Ms Margaret Hodge (Barking)

If the Secretary of State is so concerned to deliver good-quality nursery education to all four-year-olds, why is she not doing the sensible thing and putting additional moneys into training teachers and additional capital into providing facilities so that children can be taught in an appropriate environment?

Mrs. Shephard

That was an authentic Islington voice, I believe. We want to put choice into the hands of parents—the kind of parent I am sure that the hon. Lady is. We do not want the choice to be made by institutions. Training is one of the issues on which we are consulting. We have had a large number of responses and we shall be making an announcement in due course. It is true that training is important—so is the range of qualifications that will equip people who will be delivering that nursery education to four-year-olds.

Every parent of a four-year-old child, regardless of his or her circumstances, will be entitled to a voucher which will be exchanged for three terms of good-quality nursery education at a recognised establishment of his or her own choosing. The purchasing power will be in the hands of parents, and there will be real meaning to the notion of choice. Parents will be able to decide between the state, the private and the voluntary sectors as they judge best and the voucher will give parents the wherewithal to demand the kind of places that will suit their needs. Choice in the hands of parents will also act as a stimulus in the state, the private and the voluntary sectors. However, the initiative is about education and not about child care.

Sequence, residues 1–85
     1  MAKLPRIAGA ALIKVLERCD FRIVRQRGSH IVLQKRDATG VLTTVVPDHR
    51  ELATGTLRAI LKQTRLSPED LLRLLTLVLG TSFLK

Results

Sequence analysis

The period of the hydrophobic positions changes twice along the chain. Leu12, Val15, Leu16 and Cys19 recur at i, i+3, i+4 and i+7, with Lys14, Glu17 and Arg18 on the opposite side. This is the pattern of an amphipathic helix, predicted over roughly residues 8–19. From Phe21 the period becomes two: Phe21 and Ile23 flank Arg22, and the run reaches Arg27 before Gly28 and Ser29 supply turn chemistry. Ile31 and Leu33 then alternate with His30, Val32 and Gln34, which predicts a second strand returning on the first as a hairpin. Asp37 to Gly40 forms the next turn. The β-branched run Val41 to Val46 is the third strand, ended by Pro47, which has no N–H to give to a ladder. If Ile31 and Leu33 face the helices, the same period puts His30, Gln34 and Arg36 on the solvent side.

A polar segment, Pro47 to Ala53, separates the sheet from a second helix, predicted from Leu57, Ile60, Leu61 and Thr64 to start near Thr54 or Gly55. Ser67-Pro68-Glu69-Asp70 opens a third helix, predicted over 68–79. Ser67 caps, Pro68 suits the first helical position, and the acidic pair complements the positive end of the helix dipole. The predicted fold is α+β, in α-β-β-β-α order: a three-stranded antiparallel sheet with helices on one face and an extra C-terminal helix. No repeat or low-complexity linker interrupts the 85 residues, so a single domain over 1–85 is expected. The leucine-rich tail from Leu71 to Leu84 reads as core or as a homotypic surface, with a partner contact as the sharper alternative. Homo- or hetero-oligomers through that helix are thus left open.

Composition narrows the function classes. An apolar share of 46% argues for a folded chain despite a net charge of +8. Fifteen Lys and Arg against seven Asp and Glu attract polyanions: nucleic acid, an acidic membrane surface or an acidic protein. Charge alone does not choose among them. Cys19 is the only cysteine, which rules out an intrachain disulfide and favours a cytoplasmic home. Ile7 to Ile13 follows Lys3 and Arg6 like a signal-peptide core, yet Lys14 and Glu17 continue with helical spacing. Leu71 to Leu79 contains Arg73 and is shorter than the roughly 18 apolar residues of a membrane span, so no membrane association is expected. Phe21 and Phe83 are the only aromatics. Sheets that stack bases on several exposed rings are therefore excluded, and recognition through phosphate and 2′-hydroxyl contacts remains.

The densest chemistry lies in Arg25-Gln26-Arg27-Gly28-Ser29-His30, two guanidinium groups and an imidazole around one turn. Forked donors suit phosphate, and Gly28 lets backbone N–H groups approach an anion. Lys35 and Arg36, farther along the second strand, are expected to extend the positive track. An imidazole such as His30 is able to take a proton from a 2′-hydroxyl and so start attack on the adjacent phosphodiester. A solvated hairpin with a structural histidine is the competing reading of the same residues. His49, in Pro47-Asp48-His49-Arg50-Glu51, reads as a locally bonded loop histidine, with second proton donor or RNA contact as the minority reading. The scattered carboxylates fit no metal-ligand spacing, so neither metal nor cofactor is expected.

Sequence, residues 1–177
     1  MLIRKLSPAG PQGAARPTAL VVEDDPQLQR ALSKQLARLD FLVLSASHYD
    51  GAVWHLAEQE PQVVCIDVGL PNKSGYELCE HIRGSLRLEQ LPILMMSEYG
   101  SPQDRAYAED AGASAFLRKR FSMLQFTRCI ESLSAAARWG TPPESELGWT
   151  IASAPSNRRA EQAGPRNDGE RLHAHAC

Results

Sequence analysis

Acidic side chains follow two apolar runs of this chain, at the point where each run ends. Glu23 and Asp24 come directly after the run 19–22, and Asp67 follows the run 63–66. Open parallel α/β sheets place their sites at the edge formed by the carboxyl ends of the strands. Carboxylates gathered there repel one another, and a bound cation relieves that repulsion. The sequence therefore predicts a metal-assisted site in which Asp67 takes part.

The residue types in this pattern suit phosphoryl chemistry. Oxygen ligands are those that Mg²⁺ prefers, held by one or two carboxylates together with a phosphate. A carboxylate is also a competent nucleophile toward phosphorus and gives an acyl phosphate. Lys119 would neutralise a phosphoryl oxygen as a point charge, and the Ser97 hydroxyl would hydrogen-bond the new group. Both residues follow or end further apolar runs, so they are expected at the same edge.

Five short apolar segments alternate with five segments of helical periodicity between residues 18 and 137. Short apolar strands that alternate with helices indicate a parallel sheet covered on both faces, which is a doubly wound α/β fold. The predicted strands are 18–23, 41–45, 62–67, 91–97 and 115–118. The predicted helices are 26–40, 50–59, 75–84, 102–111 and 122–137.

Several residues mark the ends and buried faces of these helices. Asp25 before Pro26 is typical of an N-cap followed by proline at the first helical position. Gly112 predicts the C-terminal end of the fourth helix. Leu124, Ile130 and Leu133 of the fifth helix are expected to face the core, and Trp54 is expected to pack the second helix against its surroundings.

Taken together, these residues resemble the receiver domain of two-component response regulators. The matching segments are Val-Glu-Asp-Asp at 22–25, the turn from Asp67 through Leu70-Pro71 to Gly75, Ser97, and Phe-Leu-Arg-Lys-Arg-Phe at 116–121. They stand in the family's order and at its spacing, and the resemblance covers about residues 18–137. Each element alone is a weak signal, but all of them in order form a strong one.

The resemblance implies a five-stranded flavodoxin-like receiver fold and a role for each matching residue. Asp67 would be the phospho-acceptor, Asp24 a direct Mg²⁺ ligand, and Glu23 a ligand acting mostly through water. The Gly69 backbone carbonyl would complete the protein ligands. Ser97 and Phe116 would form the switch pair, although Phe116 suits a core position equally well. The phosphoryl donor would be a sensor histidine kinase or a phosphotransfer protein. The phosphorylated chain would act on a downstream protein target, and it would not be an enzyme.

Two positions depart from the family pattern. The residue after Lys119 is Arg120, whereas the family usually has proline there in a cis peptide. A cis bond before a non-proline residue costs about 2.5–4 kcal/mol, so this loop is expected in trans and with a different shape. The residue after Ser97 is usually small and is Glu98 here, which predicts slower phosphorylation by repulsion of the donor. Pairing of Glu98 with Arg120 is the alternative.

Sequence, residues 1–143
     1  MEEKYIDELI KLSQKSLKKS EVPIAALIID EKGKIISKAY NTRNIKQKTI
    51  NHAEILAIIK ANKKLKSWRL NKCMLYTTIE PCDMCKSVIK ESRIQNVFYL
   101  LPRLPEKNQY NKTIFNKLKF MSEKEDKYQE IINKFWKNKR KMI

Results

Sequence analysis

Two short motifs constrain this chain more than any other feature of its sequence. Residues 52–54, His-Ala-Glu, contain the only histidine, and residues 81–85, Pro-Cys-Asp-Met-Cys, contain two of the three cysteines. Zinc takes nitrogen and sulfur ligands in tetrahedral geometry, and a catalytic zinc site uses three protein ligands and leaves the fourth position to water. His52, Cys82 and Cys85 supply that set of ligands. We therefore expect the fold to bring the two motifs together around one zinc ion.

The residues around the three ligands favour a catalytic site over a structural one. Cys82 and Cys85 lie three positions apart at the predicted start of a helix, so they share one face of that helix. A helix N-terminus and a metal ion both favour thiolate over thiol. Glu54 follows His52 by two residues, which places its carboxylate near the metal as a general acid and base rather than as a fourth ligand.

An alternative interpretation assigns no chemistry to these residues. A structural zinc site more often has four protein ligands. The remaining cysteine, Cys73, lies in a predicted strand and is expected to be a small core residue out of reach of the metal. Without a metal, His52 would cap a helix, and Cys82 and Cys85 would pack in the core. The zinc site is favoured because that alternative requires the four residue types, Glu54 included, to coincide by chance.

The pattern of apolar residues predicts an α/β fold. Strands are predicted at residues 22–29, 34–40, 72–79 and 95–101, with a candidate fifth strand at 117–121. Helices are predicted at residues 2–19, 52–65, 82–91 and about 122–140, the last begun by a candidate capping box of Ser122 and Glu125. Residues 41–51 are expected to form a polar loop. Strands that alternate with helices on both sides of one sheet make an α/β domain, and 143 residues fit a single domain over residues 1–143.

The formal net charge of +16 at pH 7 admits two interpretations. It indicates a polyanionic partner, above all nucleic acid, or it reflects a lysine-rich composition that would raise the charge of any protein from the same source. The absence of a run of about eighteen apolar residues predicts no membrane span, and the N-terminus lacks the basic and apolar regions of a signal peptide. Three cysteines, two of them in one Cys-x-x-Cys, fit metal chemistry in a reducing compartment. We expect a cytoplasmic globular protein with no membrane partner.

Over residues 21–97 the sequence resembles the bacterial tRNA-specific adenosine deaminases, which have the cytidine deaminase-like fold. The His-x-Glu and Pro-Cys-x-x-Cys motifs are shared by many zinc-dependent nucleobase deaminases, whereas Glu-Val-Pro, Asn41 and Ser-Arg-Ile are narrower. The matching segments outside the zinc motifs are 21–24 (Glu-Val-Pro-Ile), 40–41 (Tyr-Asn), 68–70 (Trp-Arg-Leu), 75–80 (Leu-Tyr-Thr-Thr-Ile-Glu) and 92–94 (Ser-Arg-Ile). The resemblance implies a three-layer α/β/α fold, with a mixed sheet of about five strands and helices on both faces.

Mr. Jack Thompson (Wansbeck)

What advice can the Secretary of State give me to pass on to parents in my constituency, some of whom have children who are three and who are in nursery schools because we have a Labour-controlled council that is enlightened and tries to encourage and expand the whole nursery education system in the county? It looks as if those parents will be deprived of this opportunity, especially in areas in which there is social deprivation and in which children really benefit by being in nursery schools at the age of three. What advice should I give those parents?

Mrs. Shephard

I do not entirely understand the hon. Gentleman's question. The initiative is starting with four-year-olds. Some £185 million of new money, additional to what local education authorities already provide, will be provided. If local education authorities so wish, that additional money will enable them to enhance the three-year-olds provision that some of them may already have chosen to put in place. Given that, they will have extra resources.

Ms Joan Walley (Stoke-on-Trent, North)

Given the concern that has already been expressed about nursery school education in Staffordshire, how will the right hon. Lady's proposals ensure that parents throughout Staffordshire get access to the nursery places that they want? We do not have them at the moment on the scale that is needed, either in Stoke-on-Trent or in the rural areas. How does the right hon. Lady propose to have a level playing field and how will there be fairness? She knows, from the delegation of Staffordshire Members of Parliament, that we are at least £300 per child per year worse off than people in the south of the country.

Mrs. Shephard

That is another RSG question, part of which will be answered next week. It is a thousand pities that the Staffordshire LEA did not choose to take part in the pilot scheme. If it had, four-year-olds in the hon. Lady's LEA would have had the benefit that my four-year-olds in Norfolk will have as early as next April.